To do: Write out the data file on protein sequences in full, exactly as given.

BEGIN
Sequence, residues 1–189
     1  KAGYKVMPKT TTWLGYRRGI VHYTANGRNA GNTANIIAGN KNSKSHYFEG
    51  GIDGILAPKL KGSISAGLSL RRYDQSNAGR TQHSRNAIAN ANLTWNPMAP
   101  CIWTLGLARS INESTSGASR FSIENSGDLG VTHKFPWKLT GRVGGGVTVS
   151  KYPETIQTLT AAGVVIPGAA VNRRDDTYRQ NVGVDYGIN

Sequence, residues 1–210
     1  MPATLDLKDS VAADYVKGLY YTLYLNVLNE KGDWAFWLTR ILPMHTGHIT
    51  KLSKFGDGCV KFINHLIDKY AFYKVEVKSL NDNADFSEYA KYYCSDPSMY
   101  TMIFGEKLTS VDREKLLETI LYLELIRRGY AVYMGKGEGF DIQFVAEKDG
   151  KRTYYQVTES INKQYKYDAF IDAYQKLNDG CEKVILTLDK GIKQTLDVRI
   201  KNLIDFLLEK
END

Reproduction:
Sequence, residues 1–189
     1  KAGYKVMPKT TTWLGYRRGI VHYTANGRNA GNTANIIAGN KNSKSHYFEG
    51  GIDGILAPKL KGSISAGLSL RRYDQSNAGR TQHSRNAIAN ANLTWNPMAP
   101  CIWTLGLARS INESTSGASR FSIENSGDLG VTHKFPWKLT GRVGGGVTVS
   151  KYPETIQTLT AAGVVIPGAA VNRRDDTYRQ NVGVDYGIN

Sequence, residues 1–210
     1  MPATLDLKDS VAADYVKGLY YTLYLNVLNE KGDWAFWLTR ILPMHTGHIT
    51  KLSKFGDGCV KFINHLIDKY AFYKVEVKSL NDNADFSEYA KYYCSDPSMY
   101  TMIFGEKLTS VDREKLLETI LYLELIRRGY AVYMGKGEGF DIQFVAEKDG
   151  KRTYYQVTES INKQYKYDAF IDAYQKLNDG CEKVILTLDK GIKQTLDVRI
   201  KNLIDFLLEK